Bake for about 10 minutes – you will know they’re done when the edges start to get darker
I personally don’t love mayo mixed with noodles, in fact, I don’t like mayo at all. But did you know that pasta salad does not have to be full of anything that’s rich in saturated fat? AND still be good? That’s why I came up with this recipe!
Roast veggies, cook pasta, toss together. It’s really that simple.
*Recipe is vegetarian & gluten free*
You will need:
1 box high fiber, high protein pasta (such as Banza)
1 large zucchini/summer squash
1 red bell pepper
1 tbsp olive oil
dried italian herbs
Roast vegetables! Slice zucchini and bell peppers into rounds and slices, respectively.
Coat in cooking oil of choice and coat with s&p.
Toss together and place in a 400 degree oven for about 15 mins.
Boil water and cook pasta according to box directions.
Drain pasta and rinse with cold water.
Cool roasted vegetables.
Toss cooled vegetables in with cooled pasta, olive oil, and Italian herbs, and parmesan.
Serve immediately if desired, otherwise it keeps will in the fridge for about a week. 🙂
This summer provided me with plenty of opportunities both professionally and personally. These are the words behind my summer.
The theme of my summer. My wonderful preceptor is a Certified Diabetes Educator and was gracious enough to ensure I learned from her. Diet. Medications. Carbohydrates. Being immersed in such a specialized area of practice will hopefully help me later on in my education. And with that, 60 grams of carbohydrates at each meal, and take 500 mg Metformin with meals 2x/day if you’re first diagnosed. Ok, it’s not THAT simple. 😉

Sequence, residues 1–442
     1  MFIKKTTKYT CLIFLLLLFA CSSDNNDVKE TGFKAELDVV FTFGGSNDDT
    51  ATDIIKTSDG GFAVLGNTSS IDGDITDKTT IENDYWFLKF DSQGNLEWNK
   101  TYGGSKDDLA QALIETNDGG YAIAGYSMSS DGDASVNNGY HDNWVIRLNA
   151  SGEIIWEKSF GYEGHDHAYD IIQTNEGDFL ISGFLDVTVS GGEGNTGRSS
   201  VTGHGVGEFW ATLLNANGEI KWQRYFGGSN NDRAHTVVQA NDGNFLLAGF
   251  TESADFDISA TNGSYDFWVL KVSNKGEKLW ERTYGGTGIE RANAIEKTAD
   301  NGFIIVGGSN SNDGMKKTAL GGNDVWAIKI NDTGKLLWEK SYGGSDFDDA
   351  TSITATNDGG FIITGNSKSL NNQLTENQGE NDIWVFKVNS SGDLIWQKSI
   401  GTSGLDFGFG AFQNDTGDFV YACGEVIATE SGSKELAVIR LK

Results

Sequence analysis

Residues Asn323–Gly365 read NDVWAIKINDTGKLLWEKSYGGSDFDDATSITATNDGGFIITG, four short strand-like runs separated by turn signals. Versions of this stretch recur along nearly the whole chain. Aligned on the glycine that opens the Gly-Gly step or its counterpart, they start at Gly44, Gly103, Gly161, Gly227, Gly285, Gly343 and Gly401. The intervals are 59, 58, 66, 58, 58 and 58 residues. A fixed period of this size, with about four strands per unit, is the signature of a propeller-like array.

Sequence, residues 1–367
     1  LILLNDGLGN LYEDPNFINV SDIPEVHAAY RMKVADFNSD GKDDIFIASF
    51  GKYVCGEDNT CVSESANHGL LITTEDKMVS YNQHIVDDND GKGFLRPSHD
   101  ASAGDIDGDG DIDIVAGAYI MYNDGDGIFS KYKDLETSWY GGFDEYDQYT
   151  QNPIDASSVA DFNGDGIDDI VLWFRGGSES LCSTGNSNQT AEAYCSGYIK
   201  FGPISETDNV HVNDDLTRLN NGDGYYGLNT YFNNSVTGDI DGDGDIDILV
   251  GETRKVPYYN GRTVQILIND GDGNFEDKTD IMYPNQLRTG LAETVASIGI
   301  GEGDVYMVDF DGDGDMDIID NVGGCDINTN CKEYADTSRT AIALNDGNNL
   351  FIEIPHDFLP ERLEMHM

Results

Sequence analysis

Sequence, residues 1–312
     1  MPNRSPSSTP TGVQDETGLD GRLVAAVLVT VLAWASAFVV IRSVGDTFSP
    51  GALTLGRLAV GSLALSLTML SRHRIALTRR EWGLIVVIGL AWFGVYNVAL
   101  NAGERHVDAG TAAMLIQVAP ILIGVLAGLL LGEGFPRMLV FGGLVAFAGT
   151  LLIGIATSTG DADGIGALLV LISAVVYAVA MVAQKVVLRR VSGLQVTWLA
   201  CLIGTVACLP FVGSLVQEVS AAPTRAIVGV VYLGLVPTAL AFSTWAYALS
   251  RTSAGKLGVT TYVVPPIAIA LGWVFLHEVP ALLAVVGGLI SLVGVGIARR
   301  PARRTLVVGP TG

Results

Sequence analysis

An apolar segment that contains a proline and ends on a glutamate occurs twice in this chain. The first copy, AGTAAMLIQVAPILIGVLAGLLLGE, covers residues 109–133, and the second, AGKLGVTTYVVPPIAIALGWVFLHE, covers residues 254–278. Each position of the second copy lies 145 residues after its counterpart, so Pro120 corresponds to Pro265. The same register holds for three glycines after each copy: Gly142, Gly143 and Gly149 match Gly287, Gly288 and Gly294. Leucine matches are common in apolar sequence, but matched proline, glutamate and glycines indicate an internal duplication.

The largest contributor to the success of my internship was my preceptor. She is an amazing human being. She is working her “dream job” in this field, has ran marathons, and went back to school in her 60s. I absolutely adore her and aspire to be the kind of professional she is.
Another HUGE portion that I was fortunate enough to gain from this internship was cultural competency. The majority of patients we served were from all different cultural and ethnic backgrounds. Through this, I was able to learn about dietary patterns, foods, and a lot of food words in other languages. Culture is so important to consider when treating our patients. There is nothing like direct immersion in the field.
With living in a different city this summer, I quickly learned that my car, granted to me at 16, was aging and wasn’t going to make the biweekly commute. My first car, (given the nickname Black Beauty, like the horse), was sold to another 16 year old girl this summer. And for me? I am now making my first car payments – ever. But it wasn’t that easy or simple.